Former leading New Zealand publisher and bookseller, and widely experienced judge of both the Commonwealth Writers Prize and the Montana New Zealand Book Awards, talks about what he is currently reading, what impresses him and what doesn't, along with chat about the international English language book scene, and links to sites of interest to booklovers.
Friday, June 26, 2009
J.D. Salinger strikes back The author's legal action to stop a book about Holden Caulfield seems a little too extreme. Meghan Daum in the LA Times, June 25, 2009
J.D. Salinger, as you may have read over the last few weeks, is inveighing against "phonies" yet again. Fifty-eight years since the publication of "The Catcher in the Rye" -- indeed, 44 years since he published anything -- the famously reclusive and litigious author, now 90, recovering from hip surgery and totally deaf, has taken legal action to stop the U.S. publication of a Swedish novel called "Sixty Years Later: Coming Through Rye." Subtitled "An Unauthorized Fictional Examination of the Relationship Between J. D. Salinger and His Most Famous Character," the novel depicts a 76-year-old Holden Caulfield, who meets his author and revisits various locations and characters featured in the original book.Salinger's suit calls the book "a rip-off pure and simple."
Lawyers representing "Sixty Years Later" claim that the book engages in criticism and parody and therefore constitutes "fair use" of copyrighted material. A judge in New York, who agreed to temporarily block the book's publication (it's already been released in Sweden and Britain) is expected to make a final ruling in the next few days.On certain levels, there's something heartening about Salinger's famous unwillingness to allow any derivations of his work -- he has turned down film adaptation offers from Steven Spielberg, Marlon Brando and Jack Nicholson, to name just a few, and has blocked a BBC stage production of "The Catcher in the Rye."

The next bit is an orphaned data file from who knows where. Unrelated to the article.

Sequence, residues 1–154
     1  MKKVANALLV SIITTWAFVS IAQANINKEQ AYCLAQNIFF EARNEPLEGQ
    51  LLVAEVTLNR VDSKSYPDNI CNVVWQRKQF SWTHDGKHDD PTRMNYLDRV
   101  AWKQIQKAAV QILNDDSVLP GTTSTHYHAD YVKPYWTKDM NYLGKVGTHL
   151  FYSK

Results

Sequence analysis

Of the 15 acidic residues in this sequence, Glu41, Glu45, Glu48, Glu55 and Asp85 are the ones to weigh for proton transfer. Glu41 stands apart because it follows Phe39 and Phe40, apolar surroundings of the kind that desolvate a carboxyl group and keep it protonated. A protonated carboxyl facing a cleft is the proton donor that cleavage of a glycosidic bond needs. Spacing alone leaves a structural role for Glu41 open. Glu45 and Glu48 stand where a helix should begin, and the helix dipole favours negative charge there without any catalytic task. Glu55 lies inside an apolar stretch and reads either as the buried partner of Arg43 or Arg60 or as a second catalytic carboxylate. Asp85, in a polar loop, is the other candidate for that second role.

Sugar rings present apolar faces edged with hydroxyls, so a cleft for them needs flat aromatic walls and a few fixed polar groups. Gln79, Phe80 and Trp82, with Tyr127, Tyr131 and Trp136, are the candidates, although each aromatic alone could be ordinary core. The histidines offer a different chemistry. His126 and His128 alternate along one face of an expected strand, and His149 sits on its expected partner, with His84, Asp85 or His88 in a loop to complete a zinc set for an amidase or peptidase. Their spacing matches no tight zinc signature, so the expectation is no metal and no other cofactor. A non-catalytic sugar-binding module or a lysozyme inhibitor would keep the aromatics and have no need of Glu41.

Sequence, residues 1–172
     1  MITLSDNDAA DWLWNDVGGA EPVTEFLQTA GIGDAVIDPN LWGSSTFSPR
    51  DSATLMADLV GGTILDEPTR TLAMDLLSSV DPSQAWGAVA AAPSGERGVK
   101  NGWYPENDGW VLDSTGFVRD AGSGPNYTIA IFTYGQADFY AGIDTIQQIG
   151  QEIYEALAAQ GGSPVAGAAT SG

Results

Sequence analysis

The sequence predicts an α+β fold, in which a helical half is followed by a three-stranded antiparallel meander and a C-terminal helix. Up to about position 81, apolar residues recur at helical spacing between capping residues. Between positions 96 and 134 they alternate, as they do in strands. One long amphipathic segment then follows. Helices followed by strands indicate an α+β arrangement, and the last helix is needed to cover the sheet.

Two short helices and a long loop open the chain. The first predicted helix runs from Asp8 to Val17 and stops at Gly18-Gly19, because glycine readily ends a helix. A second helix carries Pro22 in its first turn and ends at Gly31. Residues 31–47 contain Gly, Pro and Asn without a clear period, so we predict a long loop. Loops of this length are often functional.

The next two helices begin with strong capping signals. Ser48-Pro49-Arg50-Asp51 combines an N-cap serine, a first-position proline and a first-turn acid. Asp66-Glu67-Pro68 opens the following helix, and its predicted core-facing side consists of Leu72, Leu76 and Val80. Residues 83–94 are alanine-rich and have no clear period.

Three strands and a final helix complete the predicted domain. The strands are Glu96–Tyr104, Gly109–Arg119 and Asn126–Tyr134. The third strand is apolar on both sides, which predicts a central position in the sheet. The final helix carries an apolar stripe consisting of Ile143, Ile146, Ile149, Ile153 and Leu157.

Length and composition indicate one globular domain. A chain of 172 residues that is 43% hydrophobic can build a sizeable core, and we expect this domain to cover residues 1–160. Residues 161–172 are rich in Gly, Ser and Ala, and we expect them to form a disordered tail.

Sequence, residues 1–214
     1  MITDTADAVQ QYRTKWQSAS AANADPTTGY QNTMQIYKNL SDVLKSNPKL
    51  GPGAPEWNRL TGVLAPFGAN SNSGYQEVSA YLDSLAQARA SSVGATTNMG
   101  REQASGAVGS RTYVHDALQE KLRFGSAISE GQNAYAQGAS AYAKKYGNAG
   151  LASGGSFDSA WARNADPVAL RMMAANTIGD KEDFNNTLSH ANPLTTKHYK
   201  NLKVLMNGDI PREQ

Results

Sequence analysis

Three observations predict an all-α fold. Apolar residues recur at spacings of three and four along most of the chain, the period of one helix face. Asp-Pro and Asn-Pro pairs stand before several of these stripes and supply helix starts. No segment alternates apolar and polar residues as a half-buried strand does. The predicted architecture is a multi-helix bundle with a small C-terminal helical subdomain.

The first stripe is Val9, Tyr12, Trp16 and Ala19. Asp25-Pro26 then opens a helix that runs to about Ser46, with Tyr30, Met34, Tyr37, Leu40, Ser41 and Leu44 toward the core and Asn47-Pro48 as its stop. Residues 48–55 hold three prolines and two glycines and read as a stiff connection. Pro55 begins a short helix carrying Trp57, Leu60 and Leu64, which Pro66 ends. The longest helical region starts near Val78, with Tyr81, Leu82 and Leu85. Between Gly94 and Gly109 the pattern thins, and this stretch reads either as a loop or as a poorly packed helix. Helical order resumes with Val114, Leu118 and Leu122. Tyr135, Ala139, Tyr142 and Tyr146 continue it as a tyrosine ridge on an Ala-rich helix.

By standing up for the integrity of his own material, Salinger also stands up for the notion that books and stories are fully integrated objects; that they are not a means to an end but the end itself. And in a culture in which books are increasingly thought of as merely source material, the idea of books as whole and finite entities is, sadly, a little bit radical.
But, as I am hardly the first to point out, Salinger's protectiveness of his work isn't just stand-up, it veers into the paranoid, mercurial and even delusional. What we've heard about Salinger in the last four decades has mostly to do with his eccentricities and cantankerousness. He's rumored to have experimented with many forms of spirituality and dietary philosophies (among them Zen Buddhism, Dianetics and -- use your imagination -- "urine therapy") as well as making efforts to block virtually any form of derivation or dissemination of his work.
It's not just movie adaptations he eschews. In 1986, Salinger stopped the author of an unauthorized biography from including in his book letters that Salinger had sent to friends and colleagues. A decade later, Salinger put the brakes on the release of his last published work, a novella that had appeared in the New Yorker but had not yet appeared in book form. Apparently put off by the inevitable tide of publicity, he asked his publisher, a small press in Virginia, to withdraw the book.
But the "Sixty Years Later" suit, while not surprising, seems somehow sadder than the previous legal actions. There's a sense that Salinger might not have a grasp on exactly what he's objecting to and why. And I suspect a lot of people are asking the same question that I am: "Doesn't the great J.D. Salinger have bigger fish to fry?"